Repository URL http://info.lib.uh.edu/about/campus-libraries-collections/william-r-jenkins-architecture-art-library
Use and Reproduction No Copyright - United States
Identifier exotic_201304_015
Item Description
Title Page 272
Format (IMT)
  • image/jpeg
File Name exotic_201304_015_295.jpg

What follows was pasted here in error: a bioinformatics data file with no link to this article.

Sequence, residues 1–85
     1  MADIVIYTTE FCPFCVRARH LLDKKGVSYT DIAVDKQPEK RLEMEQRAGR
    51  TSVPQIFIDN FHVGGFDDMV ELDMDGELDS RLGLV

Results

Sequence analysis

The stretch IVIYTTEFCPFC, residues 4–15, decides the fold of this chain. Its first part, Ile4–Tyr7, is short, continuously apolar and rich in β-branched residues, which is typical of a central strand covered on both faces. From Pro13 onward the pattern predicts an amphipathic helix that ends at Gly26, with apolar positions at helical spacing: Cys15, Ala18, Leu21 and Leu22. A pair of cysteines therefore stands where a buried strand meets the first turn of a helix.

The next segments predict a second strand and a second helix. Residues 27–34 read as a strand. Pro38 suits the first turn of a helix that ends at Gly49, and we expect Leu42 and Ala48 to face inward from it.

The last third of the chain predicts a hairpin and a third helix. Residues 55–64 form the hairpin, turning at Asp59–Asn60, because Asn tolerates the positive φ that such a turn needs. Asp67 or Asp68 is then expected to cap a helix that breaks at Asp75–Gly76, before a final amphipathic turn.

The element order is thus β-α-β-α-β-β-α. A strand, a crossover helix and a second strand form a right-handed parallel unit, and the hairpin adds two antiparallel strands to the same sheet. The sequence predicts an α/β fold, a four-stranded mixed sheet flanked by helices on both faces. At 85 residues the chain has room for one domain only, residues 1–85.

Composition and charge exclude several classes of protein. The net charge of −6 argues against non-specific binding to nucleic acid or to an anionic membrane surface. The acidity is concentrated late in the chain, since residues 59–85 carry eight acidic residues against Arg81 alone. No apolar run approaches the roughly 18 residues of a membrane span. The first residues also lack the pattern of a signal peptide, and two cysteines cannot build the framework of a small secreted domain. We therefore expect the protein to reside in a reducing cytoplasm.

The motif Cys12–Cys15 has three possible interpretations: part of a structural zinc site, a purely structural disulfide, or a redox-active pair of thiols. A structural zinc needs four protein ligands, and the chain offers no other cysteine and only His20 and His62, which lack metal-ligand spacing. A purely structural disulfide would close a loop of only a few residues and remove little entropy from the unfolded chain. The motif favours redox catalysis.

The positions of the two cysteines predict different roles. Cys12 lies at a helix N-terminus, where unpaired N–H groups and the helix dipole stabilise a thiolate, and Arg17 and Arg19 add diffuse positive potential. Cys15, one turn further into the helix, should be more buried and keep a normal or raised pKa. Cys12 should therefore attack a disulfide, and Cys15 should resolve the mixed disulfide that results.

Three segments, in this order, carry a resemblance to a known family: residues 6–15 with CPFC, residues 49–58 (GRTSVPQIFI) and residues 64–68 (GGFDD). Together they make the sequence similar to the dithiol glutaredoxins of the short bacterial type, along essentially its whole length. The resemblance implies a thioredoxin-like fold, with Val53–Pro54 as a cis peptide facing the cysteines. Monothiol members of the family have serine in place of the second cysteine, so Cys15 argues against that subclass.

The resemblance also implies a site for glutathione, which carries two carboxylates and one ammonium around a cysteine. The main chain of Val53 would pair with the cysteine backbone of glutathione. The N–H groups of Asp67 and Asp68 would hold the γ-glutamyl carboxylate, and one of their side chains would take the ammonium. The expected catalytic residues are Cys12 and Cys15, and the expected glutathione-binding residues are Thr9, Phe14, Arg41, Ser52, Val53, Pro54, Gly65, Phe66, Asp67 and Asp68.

Transcript 2;2 PICTURESQUE PALESTINE. Another niche is seen at the right-hand corner, and in the centre of the chamber is a pillar cut in die solid rock and covered with hieroglyphics. The paint still remains on some- of th —emerald green inside the characters, with a red and black band above and below. 1 supposed now that these monuments were connected with the working of copper-mines in the •hbourhood, and that the temple probably presented to the miners and their guards the ship of the national gods of Egypt. Mines are very numerous in the neighbourhood. Although Robinson failed to find them, Mr. Holland discovered them, and the Ordnance Sur party certified them. The manner of worship of the Egyptians in outlying district .ill a matter about which we know very little. We seem to be approaching towards the Egypti erdotal and royal centres like Thebes or Abydos : but it was never a popular worship rather a pageant of religion set forth in the presence of the people by an exd priestl) The mines were so extensively worked that Sarabit el Khadim may ha. le a religious centre on account of them. Or it is possible that, like Mecca to Mohammad and his followers, this may have been a sacred place of pilgrimage for the ancient Egyptian rid. To ii certain kings may have made pilgrimages, and they may have erected i them a votive column, with his name inscribed. Moses' demand, therefore, that tin 1 might go three days' journey into the desert (which seems to have excited no surprise what' as a demand) to do sacrifice may have been based on national customs existing amongst the i [.Hans. I he inscriptions in the mines about Sarabit el Khadim range from the twelfth dynasty of Egyptian kings down to (though they become very rare at this date) Ramses l\. ntieth dynasty, a period of twelve or thirteen hundred years. Between Ramses 1\. his ancestor, Mineptah 11. (son of Ramses II.), the Pharaoh in whose reign probably I took place, is a space of a hundred years. We may suppose, then, that while were man-lung through Wady Taiyebeh to the Red Sea these mines were in full work in the hills to their left, and that the worship of Hathor, "queen of heaven and earth and the dark depths bdow," or of Supt, " the lord of the East," was being punctually and carefully rendered. It is almost certain that Senoferu, "a good king," who is buried uncle tli' t pyramid so conspicuous from the Nile near Meidoum, was the conqueror of tin mountainous peninsula of Sinai long coveted for its mineral wealth—and that permanent ks at the mines u tablished by him. Before turning our backs on Sarabit el Khadim let us read one of the inscripl Professor Palmer's help. It refers to,, certain Har-ur-ra, superintendent of mines, who anw •it h in the month Phamenoth (January or February), in the nign of one of the k twelfth dynast) (B.C jp.b-2266). The author of the inscription tells us that I once 1. ft the mine, and ho exhorts the chiefs to go there also. " I f your faces fail tl hor will give you her arms to aid you in the work. Heboid me. how 1 tani I had left Egypt i n Bweated, my blo.nl grew hot, I ordered the workmen work and said unto them there is still turquoise in the mine and the vein will be found in I